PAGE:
ditra membrane question


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Old 04-16-08, 09:12 PM
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ditra membrane question

so we had plan on installing porcelin tile on an outdoor covered patio. we get maybe 2 freezing days a year and that is only for a few hours. The patio and house have two or three long cracks in the slab. I know it is thru the house too as we have pulled up carpets and followed it and tile above the path of this is cracked. It all appears stable in a 13 year old house but just in case it isnt .... is this a area for ditra membrane. If I understand it the purpose is to uncouple the slab from the tile so if this crack causes expansion at different rates the tile wont crack as a result? It sounds too simple and I am afraid I am not understanding this correctly. Not sure if we will DIY or hire it but want to be a little informed.
 
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Old 04-17-08, 04:10 AM
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Good morning, Gussy.

I think it is important to discover what is causing the crack and is it finished before you consider putting down ditra and tile.

It is not really a sufficient answer to say, "The concrete settled", it's important to know what caused this failure.

Concrete usually fails for one of these reasons:
A. Improper preparation: Subgrade material must be placed with sufficient volume and compacted to maintain rigidity.

B. Improper drainage: Standing water, or even moving water, produce hydraulic forces in the many hundreds of pounds per square inch.

C. Inadequate thickness & joints: Florida receives a great many heating hours. Unless your concrete patio is 4.5" thick, or thicker, and has properly placed isolation, control, and expansion joints, cracks will appear in the wrong places and be very large.

(Are you in Florida? sounds like it from your comments

Connie
 
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Old 04-17-08, 11:30 AM
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Describe the cracks. Pictures would be a big help. Are the cracks on the same plane or is one side of the crack raised? How wide are these cracks? Do they appear to be getting worse over time or have they stabilized?

How big is this slab? Is the slab sloped away from the house to properly shed water? Is the slab painted or sealed?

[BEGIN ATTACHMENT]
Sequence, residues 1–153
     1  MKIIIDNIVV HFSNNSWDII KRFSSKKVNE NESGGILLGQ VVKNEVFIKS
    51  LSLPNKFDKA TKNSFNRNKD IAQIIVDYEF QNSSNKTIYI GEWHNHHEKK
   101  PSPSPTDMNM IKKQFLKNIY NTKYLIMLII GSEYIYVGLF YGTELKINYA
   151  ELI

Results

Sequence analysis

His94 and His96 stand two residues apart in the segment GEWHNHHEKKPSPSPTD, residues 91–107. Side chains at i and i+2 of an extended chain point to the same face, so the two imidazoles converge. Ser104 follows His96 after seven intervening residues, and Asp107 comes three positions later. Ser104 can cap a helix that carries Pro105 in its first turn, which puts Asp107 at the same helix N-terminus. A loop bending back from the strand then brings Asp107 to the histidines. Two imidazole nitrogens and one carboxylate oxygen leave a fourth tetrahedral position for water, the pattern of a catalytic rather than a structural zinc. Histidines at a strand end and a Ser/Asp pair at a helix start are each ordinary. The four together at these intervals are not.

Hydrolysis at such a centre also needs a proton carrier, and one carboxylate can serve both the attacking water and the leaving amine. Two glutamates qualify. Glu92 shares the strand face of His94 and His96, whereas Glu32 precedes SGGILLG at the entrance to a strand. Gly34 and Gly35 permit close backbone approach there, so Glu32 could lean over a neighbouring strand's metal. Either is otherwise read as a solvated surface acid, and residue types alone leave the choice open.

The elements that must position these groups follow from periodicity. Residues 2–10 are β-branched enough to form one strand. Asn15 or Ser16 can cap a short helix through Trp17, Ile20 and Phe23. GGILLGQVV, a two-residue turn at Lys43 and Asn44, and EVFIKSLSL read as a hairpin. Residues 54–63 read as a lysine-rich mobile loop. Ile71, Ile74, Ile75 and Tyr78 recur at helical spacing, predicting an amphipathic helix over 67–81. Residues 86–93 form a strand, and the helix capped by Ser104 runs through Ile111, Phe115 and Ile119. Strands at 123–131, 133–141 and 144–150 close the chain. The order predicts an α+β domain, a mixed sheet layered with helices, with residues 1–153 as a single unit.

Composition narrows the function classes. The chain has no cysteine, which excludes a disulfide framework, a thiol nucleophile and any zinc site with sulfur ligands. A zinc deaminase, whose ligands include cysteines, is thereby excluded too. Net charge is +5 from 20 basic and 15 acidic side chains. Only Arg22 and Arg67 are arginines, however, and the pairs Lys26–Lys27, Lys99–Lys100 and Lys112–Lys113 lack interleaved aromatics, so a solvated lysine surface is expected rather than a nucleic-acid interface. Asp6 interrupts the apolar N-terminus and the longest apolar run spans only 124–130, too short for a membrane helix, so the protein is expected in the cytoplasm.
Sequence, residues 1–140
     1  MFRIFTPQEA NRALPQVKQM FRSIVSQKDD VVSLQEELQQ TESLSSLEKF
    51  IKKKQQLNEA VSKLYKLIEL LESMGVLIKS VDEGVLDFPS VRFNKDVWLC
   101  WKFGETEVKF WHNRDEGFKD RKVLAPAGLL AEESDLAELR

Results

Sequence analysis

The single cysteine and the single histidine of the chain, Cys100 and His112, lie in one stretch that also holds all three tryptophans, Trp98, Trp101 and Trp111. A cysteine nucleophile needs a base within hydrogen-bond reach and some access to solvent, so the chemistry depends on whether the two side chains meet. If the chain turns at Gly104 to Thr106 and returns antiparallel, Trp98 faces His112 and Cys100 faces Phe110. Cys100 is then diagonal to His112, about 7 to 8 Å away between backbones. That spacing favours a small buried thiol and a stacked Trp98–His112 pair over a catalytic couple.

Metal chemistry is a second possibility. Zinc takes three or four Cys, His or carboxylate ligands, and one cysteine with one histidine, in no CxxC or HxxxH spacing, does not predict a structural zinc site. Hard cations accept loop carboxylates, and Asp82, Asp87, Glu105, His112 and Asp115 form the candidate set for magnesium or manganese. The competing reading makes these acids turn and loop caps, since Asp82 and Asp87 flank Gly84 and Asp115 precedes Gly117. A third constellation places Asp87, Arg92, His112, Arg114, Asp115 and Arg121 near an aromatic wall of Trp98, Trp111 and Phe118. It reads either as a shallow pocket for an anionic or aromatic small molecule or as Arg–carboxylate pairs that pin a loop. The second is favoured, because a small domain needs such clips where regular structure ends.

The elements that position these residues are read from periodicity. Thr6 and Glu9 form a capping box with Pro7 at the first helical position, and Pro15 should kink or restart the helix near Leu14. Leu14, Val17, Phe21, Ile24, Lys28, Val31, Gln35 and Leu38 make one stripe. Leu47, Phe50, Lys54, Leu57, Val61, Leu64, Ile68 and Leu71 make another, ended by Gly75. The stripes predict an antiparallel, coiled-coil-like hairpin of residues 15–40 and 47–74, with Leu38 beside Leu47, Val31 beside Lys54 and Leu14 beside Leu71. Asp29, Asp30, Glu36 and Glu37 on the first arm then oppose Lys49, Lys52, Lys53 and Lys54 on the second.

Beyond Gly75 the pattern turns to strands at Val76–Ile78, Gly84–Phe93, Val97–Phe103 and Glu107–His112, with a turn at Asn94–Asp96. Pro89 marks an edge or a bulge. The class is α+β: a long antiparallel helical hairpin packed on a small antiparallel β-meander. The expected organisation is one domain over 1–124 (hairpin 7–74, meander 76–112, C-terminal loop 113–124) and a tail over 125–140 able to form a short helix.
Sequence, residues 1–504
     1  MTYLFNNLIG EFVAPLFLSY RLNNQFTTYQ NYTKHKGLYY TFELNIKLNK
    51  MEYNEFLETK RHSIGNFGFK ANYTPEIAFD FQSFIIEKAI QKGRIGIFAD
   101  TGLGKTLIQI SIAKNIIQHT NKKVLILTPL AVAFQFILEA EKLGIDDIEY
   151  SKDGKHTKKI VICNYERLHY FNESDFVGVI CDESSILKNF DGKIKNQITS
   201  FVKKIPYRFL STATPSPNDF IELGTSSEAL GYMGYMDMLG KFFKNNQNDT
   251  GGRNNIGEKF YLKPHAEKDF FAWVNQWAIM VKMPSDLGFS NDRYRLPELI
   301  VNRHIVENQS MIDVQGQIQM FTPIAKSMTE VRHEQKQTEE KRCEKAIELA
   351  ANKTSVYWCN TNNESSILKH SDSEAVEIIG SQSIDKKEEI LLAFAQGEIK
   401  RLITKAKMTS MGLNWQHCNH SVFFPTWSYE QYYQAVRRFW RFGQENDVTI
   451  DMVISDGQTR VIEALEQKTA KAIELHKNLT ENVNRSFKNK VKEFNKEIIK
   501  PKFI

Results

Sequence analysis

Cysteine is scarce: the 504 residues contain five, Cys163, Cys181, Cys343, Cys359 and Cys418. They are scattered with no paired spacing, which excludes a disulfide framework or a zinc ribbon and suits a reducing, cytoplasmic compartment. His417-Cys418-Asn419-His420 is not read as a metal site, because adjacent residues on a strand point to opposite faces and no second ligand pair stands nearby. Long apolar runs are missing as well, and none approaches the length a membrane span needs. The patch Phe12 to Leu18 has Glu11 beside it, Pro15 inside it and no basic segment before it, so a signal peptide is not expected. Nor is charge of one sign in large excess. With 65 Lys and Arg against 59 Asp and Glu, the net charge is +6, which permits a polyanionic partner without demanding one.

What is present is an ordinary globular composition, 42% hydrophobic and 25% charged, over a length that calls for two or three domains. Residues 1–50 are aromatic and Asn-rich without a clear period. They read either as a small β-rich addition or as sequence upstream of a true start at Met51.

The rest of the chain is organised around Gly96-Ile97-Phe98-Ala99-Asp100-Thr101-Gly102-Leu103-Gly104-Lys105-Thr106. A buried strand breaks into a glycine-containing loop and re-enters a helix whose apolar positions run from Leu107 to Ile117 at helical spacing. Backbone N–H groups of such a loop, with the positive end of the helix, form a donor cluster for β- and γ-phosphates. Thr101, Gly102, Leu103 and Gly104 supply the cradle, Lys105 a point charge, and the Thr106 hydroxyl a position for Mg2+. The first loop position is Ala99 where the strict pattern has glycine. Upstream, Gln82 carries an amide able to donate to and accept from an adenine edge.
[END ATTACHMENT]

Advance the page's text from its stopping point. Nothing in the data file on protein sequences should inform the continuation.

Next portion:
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Old 04-17-08, 02:24 PM
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Majority of all slabs have cracks, so it's not surprising.

Ditra and a good modified thinset will work fairly well.
 
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Old 04-17-08, 08:44 PM
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All the cracks, three in total if I remember, run in the same direction. Only one has any unlevelness (new word) to it and it is pretty minimal, not even sure if I could measure it but I do plan to skim coat and smooth that out. the others really look just like concrete curing problems. I dont know if I could slide a piece of paper in them if they were straight enough. One of the floors that had them I stained and just the surface tension of the paint covered them. I do still worry about them moving at different rates.
We are in the panhandle of Fla so we do run all levels of temps, more hot than cold.
the patio is 10 X 30 and does slope away from house plus is covered. The portion that gets any rain blown onto it has a crown to it that we plan on incorporating at a grout line. The surface is not stained or sealed but does have a slick surface, not brushed finish to it. That is part of the reason for tile. It is about 4 feet from a pool and slicker than snot when it is wet.
the entire house is built on a slope so there is some water at the front during our torrential downpours but it drains within minutes of the rain stopping and no long term standing water problems.
I appreciate everyones help
 
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Old 04-18-08, 08:50 AM
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Only one has any unlevelness (new word) to it and it is pretty minimal, not even sure if I could measure it
This may be a problem for you. Crack isolation membranes wont protect against vertical sheer. If you still have vertical movement going on on this crack, it will crack the tile.

the patio is 10 X 30 and does slope away from house plus is covered.
You will need a soft joint (maybe in the middle of the 30') to allow for some expansion and contraction. 30', sunlight and changes in temperature will be an issue that you will have to address. Does the slab currently have any expansion or control joints?

The surface is not stained or sealed but does have a slick surface, not brushed finish to it. That is part of the reason for tile.
What kind of tile will you be using?
 
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Old 04-20-08, 07:11 PM
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we plan on using porcelin tile, thought about slate but decided we didnt want all the flaking problems. the slab does not currently have a soft joint. Would this be only with the ditra part or do we need to do something with the tile also? I can deal with a few cracked tile in the area with vertical shear as it is in a corner away from all traffic and would be covered at all time.
thanks all for the input. this house is a diamond in the rough and we are trying to bring it up to its potential.
 
 

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